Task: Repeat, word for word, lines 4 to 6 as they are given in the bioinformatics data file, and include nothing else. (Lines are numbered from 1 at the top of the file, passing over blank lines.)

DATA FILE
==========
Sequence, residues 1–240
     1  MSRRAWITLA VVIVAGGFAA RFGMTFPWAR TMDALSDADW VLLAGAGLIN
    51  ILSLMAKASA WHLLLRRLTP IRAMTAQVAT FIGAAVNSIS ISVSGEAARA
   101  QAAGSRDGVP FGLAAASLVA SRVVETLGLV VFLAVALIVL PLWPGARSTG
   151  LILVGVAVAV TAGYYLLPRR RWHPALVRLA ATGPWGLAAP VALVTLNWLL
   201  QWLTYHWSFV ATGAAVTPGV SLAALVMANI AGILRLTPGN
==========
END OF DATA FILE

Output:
   101  QAAGSRDGVP FGLAAASLVA SRVVETLGLV VFLAVALIVL PLWPGARSTG
   151  LILVGVAVAV TAGYYLLPRR RWHPALVRLA ATGPWGLAAP VALVTLNWLL
   201  QWLTYHWSFV ATGAAVTPGV SLAALVMANI AGILRLTPGN